By Kamrul Khan
Anyone that grew up in a large apartment building in New York had a love-hate relationship with their fire-escape. Something that was created only to use in case of a dangerous situation ended up being used for everything but. I seriously used to think that if there was a fire in my apartment, my family and I would all die. That’s because my mom grew an exorbitant amount of plants and vegetables on our fire-escape, so much so that we would not be able to get out. She refused to buy anything that she could grow at home. Her frugality has somewhat rubbed off on me; I sometimes find myself washing plastic spoons and forks. At work, I will save silverware left over from staff meetings. “No food left behind” is my motto, I hate to throw away food. I even eat things to the detriment of my health sometimes, like if it’s probably gone bad. I can’t help it.
My mom always made me use everything until it was unquestionably unusable. I used to hate it as a kid when my mom would reuse everything. If I stopped wearing a shirt, she would cut it up, sew it together and use it as a pot-holder. My mom hardly bought clothes, she made most of her clothes from materials she bought. She would keep Pepsi bottles, cut a small hole and keep quarters in it. She would not let anything go to waste. If there was some way my mom could re-use spoiled milk she would have figured it out.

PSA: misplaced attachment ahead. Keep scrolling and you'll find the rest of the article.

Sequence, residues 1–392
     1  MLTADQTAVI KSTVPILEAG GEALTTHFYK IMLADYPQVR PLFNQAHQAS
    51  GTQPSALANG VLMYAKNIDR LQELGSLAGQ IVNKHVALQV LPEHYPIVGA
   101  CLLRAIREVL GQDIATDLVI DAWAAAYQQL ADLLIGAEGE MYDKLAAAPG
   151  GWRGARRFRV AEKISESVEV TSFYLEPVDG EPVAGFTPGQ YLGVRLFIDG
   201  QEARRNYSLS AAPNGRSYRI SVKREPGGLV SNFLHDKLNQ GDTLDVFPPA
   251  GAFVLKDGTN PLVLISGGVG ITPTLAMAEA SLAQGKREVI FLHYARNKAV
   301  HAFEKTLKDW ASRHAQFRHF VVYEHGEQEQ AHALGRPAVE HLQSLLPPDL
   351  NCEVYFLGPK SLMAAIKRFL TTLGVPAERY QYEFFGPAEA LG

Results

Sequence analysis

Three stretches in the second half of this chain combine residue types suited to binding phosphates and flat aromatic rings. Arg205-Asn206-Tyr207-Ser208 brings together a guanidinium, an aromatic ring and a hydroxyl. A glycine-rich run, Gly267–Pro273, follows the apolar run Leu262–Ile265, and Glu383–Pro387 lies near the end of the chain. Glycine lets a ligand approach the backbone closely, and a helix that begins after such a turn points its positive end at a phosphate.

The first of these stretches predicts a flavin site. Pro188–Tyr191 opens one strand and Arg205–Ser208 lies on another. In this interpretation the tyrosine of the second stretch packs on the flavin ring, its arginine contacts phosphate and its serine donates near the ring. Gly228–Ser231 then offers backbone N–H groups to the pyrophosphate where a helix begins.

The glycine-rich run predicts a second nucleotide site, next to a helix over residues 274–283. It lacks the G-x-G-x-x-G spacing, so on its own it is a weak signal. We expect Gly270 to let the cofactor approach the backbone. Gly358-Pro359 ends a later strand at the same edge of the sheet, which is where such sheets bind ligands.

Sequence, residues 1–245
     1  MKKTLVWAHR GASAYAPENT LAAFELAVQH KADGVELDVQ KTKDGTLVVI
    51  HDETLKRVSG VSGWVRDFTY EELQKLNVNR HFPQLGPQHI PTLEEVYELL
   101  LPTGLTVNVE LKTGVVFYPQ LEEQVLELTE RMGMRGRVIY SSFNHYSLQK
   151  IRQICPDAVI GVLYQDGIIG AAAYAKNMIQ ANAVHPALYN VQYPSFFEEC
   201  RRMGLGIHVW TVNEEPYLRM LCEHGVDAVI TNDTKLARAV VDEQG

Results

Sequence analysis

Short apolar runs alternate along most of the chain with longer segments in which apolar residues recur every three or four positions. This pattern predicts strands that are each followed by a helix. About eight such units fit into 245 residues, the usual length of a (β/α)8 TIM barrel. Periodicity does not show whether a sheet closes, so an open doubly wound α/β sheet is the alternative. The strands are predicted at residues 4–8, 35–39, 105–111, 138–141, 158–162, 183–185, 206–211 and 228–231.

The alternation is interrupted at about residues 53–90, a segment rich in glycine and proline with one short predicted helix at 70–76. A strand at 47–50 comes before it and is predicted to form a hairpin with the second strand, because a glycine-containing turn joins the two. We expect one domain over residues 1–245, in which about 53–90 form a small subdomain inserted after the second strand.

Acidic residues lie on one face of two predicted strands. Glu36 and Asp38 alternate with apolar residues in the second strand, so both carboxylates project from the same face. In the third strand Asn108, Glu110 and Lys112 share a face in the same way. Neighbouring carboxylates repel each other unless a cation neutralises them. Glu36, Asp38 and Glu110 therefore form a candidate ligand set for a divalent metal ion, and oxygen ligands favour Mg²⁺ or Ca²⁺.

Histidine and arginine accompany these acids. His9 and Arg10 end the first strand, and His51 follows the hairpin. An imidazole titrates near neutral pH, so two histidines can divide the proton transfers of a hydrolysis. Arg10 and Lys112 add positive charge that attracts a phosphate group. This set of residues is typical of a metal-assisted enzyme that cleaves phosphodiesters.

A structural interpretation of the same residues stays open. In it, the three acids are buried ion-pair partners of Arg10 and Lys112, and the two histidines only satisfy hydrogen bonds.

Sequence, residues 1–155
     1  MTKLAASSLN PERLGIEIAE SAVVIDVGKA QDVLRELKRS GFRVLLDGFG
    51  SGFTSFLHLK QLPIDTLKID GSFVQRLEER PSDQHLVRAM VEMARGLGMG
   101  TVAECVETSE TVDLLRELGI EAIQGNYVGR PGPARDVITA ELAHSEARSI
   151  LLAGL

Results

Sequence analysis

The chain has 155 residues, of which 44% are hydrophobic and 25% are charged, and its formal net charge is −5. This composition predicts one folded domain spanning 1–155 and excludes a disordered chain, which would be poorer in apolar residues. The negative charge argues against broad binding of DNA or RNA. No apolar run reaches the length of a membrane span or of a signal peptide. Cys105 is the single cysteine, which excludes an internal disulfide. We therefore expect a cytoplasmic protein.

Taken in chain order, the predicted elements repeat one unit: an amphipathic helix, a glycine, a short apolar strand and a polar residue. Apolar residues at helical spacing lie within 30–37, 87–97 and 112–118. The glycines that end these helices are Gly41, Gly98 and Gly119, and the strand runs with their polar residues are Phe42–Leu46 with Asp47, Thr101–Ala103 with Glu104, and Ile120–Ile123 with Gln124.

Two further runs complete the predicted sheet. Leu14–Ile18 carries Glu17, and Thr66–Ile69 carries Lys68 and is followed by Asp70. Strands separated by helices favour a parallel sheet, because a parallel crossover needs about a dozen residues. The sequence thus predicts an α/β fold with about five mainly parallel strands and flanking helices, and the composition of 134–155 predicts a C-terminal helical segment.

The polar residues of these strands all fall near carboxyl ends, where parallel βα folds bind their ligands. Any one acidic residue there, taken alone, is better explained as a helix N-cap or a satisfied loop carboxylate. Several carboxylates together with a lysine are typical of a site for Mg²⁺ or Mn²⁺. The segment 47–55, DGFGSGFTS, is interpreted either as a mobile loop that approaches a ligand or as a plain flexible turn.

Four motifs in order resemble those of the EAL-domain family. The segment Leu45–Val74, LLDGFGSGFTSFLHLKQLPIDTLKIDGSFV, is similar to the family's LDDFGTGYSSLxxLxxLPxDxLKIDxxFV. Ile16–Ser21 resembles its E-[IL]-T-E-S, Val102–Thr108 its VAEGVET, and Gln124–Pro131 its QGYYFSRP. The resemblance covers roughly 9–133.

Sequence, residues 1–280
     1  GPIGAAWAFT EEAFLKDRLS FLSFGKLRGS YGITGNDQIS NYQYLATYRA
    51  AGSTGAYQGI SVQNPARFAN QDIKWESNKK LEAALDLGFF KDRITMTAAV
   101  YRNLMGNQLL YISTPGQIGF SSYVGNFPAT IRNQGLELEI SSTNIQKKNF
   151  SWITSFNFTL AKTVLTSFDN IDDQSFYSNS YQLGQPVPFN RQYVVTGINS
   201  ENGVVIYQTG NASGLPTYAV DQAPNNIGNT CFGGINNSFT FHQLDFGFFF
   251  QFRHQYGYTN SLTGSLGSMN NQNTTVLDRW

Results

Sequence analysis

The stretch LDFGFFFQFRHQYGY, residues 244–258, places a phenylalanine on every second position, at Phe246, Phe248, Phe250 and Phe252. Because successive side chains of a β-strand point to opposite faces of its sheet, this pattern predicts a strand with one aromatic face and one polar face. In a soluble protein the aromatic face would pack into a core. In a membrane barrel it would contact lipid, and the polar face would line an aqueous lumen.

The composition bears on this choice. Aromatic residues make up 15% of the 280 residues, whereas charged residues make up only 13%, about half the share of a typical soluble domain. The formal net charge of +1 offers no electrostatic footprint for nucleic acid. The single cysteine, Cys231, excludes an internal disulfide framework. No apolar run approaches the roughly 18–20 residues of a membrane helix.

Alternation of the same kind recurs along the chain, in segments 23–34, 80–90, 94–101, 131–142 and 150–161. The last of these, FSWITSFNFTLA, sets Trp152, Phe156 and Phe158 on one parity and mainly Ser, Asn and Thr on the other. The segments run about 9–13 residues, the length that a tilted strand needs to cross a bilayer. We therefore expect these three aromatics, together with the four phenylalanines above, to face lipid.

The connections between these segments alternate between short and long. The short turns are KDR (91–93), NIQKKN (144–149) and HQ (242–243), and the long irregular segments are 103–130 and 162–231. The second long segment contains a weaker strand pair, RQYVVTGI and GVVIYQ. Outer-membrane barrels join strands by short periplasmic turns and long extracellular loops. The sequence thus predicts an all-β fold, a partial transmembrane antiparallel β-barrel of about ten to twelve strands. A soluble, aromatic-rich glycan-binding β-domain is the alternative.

Today, there is an entire ‘Voluntary Simplicity’ movement where people choose an alternative lifestyle to that of western consumerism, understandably because consumer debt and personal bankruptcies are increasing every year. More and more people are turning to living more frugal and thrifty lives – an act called “downshifting” or “downloading”. These people learn to live on only a few thousand dollars a year, which means growing their own food, making their own clothes, and using alternative forms of transportation, such as a bike or raft. People in the Voluntary Simplicity movement cite overspending, affluenza, and increasing debt as reasons for joining the movement. It is also important to note that although financial stability is the main motive for this lifestyle changes, many do it to have a better quality of life – a life revolving around one’s family and nature.
For my mom and dad, the reasons were more primitive. They had to provide for a family and put a roof over their two sons’ heads. This meant that priority #1 was paying rent and then bills. Any opportunity to save money, be it growing things and reusing things, was taken. I sometimes think back to growing up in that apartment building in Brooklyn and I wonder how we lived on so little. My parents’ combined income could not have been more than $20,000 dollars, and this was in the 90’s. But we never starved, we had clothes and were healthy. They did it by making sacrifices, not going on fancy vacations, going to the movies or buying overpriced suits.
I will get off my high horse and acknowledge that I am nowhere nearly as frugal as I should be or as my mom would want me to be. I have more suits than a normal person should have, I go on really nice vacations, and I buy pot-holders, I don’t make them. But every time I pass by a building and see even just a potted plant on it, I think back and a deep sense of appreciation fills me for everything my parents did for me.